In an effort to streamline shipping by providing increased multimodal visibility, the Vancouver Fraser Port Authority in British Columbia, Canada and its local railroads have teamed to use new technology such as data sharing and analytics to generate more effective shipping information in order to forecast demand.
The port authority and the railroads have teamed with Railinc, a technology solutions company which is a source of real-time interline rail data for the North American railroad industry. The partnership is geared toward allowing shippers to get their products to market more efficiently.
“The Vancouver Fraser Port Authority has made good progress, together with Railinc, by investing more heavily in information and analytics. The port authority’s effort has drawn interest from other ports and could become a national model,” said Bill Fahrenwald, executive director of James Street Associates, which has done extensive research and produced a case study on the port authority’s efforts.
The port, which handled 144 million tons of cargo last year, predicts it will move an added 35 million tons over the next four years.
In its case study, the James Street Associates said, “International trade is a key driver of the Canadian economy. In order to remain competitive and deliver efficient, reliable service, the port had to find a way to increase its capacity and reduce shipment delays without requiring expensive new infrastructure.”
The case study indicated the port authority realized it needed to combine rail and terminal data in order to increase efficiency.
“More than 90% of the port’s cargo touches rail—and often rail is a blind spot for ports in general,” the case study said. “Once a shipment is loaded onto railcars, it can lose visibility until it arrives at its destination. But through a partnership with the two primary railroads that serve the port, it now has a tool that’s unique in the industry.”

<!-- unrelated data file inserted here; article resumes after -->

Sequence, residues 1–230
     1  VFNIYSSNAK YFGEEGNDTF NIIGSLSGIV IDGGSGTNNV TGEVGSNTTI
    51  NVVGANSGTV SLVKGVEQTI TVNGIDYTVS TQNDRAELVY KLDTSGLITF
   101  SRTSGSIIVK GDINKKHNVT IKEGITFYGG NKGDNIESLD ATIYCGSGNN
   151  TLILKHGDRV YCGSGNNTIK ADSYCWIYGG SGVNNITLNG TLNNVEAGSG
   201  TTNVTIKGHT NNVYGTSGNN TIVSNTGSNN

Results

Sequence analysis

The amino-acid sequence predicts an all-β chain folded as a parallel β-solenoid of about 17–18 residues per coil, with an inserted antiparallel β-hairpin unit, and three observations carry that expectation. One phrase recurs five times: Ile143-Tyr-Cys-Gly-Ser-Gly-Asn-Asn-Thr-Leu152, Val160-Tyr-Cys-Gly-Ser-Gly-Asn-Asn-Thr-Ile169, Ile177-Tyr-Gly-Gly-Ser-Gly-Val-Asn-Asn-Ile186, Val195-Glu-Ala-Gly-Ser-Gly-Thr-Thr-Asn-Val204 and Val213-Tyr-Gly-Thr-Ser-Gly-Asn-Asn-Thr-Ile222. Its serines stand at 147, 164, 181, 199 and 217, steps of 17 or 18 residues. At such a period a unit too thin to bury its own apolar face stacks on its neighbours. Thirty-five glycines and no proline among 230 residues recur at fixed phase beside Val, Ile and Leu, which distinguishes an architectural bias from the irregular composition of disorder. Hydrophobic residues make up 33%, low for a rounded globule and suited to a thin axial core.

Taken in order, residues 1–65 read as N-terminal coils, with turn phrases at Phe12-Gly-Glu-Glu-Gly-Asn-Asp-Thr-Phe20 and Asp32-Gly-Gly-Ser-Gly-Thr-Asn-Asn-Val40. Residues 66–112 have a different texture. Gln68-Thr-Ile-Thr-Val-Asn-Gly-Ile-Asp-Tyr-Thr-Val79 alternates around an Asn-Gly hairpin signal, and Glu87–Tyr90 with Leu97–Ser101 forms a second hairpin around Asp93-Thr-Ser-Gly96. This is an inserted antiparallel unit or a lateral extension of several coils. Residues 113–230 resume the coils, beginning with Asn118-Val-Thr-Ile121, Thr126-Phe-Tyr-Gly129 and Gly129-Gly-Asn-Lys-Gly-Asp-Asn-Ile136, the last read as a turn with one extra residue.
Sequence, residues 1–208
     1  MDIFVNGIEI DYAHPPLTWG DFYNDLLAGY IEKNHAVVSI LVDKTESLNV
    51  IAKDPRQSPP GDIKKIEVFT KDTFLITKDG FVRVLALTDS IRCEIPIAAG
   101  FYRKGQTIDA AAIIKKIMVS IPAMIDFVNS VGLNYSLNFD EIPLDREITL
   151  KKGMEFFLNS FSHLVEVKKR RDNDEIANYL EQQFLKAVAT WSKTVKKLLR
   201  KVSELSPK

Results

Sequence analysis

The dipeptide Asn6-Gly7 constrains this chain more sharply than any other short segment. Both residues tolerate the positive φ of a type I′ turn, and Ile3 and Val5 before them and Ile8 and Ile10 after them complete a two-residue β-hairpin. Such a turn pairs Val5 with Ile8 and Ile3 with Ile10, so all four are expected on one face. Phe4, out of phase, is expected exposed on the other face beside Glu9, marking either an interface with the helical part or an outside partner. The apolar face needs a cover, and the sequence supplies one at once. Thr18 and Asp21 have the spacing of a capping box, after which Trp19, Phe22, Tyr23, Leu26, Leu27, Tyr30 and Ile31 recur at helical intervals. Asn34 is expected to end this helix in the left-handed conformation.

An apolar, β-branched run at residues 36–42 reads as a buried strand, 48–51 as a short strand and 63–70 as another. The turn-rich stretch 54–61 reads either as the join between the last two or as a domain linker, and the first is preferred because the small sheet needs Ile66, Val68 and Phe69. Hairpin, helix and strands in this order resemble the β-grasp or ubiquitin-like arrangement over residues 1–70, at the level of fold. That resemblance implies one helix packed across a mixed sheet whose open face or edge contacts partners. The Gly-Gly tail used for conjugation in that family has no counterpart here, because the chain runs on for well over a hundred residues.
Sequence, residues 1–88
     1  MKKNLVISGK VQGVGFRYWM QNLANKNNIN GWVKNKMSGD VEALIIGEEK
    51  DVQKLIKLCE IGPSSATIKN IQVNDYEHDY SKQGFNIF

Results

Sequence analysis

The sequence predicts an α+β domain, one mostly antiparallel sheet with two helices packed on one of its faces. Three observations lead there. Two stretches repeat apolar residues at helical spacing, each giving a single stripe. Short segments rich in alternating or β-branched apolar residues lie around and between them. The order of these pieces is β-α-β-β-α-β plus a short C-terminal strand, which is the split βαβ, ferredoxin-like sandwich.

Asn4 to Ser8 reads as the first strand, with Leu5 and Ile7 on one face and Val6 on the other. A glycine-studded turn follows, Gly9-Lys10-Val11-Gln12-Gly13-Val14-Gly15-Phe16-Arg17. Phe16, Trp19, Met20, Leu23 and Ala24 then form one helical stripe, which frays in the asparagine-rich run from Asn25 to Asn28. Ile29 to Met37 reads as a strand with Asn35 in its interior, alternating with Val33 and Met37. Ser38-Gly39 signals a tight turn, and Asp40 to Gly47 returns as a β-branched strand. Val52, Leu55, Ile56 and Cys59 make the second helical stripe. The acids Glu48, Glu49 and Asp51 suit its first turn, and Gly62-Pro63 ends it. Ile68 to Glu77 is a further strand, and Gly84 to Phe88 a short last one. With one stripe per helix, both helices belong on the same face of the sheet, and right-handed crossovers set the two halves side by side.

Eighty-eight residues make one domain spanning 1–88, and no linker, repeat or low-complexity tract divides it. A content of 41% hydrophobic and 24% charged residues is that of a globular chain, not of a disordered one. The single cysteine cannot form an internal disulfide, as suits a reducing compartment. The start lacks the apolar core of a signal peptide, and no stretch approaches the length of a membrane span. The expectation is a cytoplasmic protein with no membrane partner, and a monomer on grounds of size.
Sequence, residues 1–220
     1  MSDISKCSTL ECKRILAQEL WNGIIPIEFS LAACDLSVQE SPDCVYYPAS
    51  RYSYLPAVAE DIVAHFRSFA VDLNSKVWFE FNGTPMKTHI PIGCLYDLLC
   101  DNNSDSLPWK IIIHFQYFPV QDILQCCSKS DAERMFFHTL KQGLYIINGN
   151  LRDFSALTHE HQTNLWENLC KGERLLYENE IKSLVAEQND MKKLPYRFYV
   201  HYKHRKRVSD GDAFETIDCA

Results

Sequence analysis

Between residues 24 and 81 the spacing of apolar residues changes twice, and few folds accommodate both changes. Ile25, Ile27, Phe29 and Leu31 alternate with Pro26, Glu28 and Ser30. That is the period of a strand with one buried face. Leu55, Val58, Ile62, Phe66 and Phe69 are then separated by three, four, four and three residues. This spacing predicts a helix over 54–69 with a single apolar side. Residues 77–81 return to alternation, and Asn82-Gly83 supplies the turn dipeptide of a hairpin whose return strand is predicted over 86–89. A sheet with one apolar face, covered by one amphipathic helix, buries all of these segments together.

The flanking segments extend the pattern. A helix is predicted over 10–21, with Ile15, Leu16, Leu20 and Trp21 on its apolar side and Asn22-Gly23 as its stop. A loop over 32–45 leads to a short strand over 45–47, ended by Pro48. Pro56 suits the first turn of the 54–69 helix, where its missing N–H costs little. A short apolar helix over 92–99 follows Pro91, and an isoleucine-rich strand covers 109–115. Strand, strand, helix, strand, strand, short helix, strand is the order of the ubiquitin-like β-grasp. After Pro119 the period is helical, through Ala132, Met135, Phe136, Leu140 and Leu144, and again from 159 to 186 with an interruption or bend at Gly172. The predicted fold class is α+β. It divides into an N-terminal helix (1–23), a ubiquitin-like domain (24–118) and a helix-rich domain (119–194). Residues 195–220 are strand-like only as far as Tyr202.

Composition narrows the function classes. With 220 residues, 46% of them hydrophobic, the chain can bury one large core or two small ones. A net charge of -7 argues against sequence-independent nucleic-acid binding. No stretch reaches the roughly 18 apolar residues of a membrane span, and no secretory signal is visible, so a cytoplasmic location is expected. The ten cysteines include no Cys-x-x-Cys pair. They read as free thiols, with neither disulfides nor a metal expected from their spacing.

The case study indicated the port authority then began optimizing the flow of trucks, saying, “It equipped all port-licensed trucks with GPS systems to more accurately capture their turn-and-wait times at container-handling facilities. But it wasn’t just about collecting data. The effort was also about making the data available so that all participants could improve their role in the supply chain. Truck drivers, for instance, can now see in real time which railroad crossings are occupied by trains so they can avoid delays.”
Launched in 2018, a dashboard app tracks 33 important measurements in real time with daily updates showing the number of railcars heading to the port for unloading. It also indicates the amount of time cars spend at the terminal and the average time it takes to unload and release cargo to the railroads.
In addition, the port authority can calculate how quickly and efficiently freight moves through the process. Its gateway cycle time measures the duration it takes for cargo to go from the marshaling area outside Vancouver to the port.
The port authority uses this data to improve planning and understand “how various factors affect operations” and how they “help the port railroads and terminal operators plan and prioritize improvements,” according to the case study.
Teaming with Railinc, the port authority has optimized communication between the port and the railroads.
The case study said, “Railinc provided guidance on how to identify, format, ingest and process large amounts of data. It also made it easier for the railroads to participate by allowing them to share their data without requiring time-consuming or expensive formatting efforts.”
Other ports in Canada are closely looking at what Vancouver has done and the Prince Rupert Port Authority, also in British Columbia, has moved toward establishing a similar dashboard as the one used in Vancouver.